Typically, this is based on the number of letters and numbers in the mark, however, as expressed by the AGP group in their article, this is not sufficient. The average consumer considers the mark as a whole, and therefore, a difference in the number of letters is not enough to exclude a shape from being visually similar. Furthermore, they highlight that marks can still be considered visually similar if they have different typefaces, font or colours. As such the overall figure is what is considered and if found to have critical similarities it is found to be infringing.

Phonetic & Conceptual Marks

Phonetic consideration can be grounds for infringement, and consideration must be given to all official languages of the EU, however, in analysis the EUIPO can focus on areas and languages where infringement is more likely to cause confusion. This is done by considering the syllables and sequence of stress; however, it does not consider accents and dialects with this regard. In addition to the already mentioned Sabel, marks are also considered to be conceptually similar if they have the same analogues meaning.

Colour Marks

As such, the above five elements cannot be applied to colour marks, as they present none of these characteristics, which makes it harder to examine infringements. At its core, colure is an abstract construct perceived differently by different individuals. To this effect, and in consideration of the mark by Louboutin, at what point does the colour red applied to the sole of the shoe stop being infringing? especially when considering that similar, but different marks are still considered infringements within the meaning of the law.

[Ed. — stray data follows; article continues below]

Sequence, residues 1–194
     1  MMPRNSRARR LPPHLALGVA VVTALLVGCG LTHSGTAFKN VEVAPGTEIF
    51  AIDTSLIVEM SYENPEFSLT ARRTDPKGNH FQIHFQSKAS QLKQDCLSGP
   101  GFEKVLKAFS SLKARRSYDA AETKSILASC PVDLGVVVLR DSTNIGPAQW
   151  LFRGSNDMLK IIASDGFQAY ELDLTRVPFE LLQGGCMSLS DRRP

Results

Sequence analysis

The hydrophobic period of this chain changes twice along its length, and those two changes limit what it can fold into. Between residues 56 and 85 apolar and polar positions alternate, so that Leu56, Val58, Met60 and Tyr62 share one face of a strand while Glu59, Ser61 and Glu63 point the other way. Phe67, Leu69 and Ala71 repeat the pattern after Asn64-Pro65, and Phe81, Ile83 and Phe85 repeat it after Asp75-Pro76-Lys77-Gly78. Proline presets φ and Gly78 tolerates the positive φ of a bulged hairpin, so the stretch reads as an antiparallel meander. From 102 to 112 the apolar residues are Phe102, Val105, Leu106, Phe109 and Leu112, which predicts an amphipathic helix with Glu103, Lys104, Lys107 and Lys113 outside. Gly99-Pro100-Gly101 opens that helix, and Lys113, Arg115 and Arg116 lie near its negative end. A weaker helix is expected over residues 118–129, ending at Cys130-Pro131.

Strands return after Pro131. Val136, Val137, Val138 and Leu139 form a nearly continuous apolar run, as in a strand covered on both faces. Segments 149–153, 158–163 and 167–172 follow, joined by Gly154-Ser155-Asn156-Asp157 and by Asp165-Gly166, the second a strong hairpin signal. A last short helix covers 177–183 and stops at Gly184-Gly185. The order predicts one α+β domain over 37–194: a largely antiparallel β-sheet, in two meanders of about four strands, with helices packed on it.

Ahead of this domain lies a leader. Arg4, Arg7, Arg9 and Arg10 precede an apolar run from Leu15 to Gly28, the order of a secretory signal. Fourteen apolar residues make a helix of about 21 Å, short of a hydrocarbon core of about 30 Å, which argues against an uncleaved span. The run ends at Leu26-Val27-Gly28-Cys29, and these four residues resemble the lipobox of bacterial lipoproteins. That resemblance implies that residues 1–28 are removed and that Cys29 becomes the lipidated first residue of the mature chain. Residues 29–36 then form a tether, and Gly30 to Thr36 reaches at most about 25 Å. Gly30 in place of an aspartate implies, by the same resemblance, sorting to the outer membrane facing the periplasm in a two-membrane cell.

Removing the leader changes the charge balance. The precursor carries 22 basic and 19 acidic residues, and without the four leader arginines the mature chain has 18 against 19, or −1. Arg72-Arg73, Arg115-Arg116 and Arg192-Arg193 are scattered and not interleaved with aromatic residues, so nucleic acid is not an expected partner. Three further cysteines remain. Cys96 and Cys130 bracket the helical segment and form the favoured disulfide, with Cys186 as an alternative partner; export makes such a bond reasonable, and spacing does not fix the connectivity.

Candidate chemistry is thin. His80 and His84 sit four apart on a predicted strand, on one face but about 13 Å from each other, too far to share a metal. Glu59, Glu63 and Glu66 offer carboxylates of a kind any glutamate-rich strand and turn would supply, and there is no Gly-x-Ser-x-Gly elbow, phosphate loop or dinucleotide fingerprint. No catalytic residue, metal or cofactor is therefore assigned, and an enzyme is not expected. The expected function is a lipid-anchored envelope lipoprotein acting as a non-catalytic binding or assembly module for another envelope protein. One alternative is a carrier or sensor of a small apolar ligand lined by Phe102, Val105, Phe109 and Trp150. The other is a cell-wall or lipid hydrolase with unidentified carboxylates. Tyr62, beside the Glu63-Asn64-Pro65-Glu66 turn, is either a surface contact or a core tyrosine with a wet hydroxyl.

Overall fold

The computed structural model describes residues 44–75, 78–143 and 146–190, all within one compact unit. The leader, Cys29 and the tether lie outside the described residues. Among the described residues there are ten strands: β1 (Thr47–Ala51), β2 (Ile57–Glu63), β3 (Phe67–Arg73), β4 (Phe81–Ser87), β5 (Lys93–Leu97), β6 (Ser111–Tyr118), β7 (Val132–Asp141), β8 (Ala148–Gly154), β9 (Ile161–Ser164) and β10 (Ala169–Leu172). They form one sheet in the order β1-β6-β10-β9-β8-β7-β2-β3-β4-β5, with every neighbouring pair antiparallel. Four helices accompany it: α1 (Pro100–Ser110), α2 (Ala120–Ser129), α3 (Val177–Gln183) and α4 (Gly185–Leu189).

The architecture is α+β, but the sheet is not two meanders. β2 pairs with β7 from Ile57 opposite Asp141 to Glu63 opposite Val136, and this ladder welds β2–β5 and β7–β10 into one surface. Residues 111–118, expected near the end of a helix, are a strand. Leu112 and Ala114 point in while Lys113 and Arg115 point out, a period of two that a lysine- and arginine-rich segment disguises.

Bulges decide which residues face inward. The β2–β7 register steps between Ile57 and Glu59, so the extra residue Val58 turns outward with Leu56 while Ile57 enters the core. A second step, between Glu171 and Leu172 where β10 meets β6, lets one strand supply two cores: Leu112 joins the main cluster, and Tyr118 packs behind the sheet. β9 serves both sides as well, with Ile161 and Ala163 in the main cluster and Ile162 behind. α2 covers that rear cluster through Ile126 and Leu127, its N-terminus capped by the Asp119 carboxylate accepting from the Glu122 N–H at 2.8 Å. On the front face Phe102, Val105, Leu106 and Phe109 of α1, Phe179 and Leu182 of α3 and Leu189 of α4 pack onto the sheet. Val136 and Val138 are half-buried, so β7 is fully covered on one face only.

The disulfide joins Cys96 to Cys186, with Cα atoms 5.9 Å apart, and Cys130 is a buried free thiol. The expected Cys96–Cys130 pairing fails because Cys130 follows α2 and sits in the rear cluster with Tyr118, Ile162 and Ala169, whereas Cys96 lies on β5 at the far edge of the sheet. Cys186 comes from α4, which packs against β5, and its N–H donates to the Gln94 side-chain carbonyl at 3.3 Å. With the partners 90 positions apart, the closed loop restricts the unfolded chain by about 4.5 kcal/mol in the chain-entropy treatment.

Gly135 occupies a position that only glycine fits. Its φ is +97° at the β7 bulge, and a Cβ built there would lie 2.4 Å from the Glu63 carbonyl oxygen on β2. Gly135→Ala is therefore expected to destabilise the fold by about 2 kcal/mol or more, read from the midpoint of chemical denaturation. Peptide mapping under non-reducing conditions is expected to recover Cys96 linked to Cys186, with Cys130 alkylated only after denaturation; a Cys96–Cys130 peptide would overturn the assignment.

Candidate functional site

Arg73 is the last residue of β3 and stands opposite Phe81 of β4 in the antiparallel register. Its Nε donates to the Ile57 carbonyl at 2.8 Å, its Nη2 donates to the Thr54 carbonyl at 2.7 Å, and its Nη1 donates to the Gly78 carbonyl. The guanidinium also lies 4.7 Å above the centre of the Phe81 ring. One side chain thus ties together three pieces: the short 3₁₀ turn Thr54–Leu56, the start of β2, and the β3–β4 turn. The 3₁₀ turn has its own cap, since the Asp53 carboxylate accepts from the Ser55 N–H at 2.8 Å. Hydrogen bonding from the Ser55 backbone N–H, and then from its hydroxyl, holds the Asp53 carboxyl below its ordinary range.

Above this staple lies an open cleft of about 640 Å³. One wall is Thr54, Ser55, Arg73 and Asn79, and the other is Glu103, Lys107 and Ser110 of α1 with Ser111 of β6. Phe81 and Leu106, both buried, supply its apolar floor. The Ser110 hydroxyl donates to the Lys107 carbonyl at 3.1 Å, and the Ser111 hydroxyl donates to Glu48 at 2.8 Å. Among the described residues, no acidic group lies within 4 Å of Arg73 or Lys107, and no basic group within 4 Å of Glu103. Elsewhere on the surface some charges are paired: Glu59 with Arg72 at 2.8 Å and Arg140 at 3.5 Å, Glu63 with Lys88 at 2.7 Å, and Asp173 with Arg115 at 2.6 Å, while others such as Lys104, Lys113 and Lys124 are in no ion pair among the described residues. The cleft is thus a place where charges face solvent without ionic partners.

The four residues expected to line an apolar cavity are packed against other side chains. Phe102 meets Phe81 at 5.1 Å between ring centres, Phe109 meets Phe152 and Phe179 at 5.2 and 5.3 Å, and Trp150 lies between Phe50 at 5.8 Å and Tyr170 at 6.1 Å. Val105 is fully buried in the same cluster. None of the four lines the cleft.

This raises the question; if the CJEU ruling has given Louboutin a monopoly on all shades of red (and possibly all colours), applied to the sole of a shoe. In abstract terms, the trademark does not just protect the colour in question, but the concept in general terms, and makes that which may cause confusion infringing. To this effect, who is to say that blue applied to the sole of the shoe and in contrast, would not cause confusion within the relevant public? as analogously the abstract concept belongs to Louboutin.

Summary & Conclusion

In effect, this ruling does not support reality, as in practice the trademark protects the colour within the context of a shoe, and the shape of that product. Although the text alongside the mark specifies that the colour is dissociable from the shape, the practicality is that the mark is indissociable, and only possible within that context of that shape. Therefore, giving substantive value to the goods in question, i.e. the shoe.

Despite the ruling by the CJEU, the mark gives its owner an advantage and allows him to enjoy the benefits of a prohibited trademark – in all but a registered technicality – Which critically sets the stage for trolls and others to achieve the same level of protection based on the same technicality exposed in this case.

Litigation in this area is seldom to go away as the power that Louboutin gains from the combined shape and colour trademark will be worth holding regardless of the litigation costs. Moreover, it will be interesting to see how far Louboutin will push his rights in terms of litigation, and if he will explore the fringe areas of litigation that this mark possibly gives him, such as the abstract protection of any colour applied to the sole of the shoe, which is tacitly read within the final ruling.

Finally, it will be interesting to see if the courts and the CJEU will examine if “another characteristic” applies to colours, and if so, does it apply retrospectively to already registered marks.